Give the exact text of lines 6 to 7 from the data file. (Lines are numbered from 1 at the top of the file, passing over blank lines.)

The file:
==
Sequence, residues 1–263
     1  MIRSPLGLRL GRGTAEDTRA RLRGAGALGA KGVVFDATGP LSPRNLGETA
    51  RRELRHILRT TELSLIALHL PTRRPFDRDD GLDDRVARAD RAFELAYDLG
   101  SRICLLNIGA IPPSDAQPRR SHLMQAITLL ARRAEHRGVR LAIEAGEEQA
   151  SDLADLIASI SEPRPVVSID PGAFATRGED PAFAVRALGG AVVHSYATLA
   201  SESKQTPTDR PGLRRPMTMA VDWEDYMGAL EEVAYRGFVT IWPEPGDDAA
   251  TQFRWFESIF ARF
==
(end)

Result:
   201  SESKQTPTDR PGLRRPMTMA VDWEDYMGAL EEVAYRGFVT IWPEPGDDAA
   251  TQFRWFESIF ARF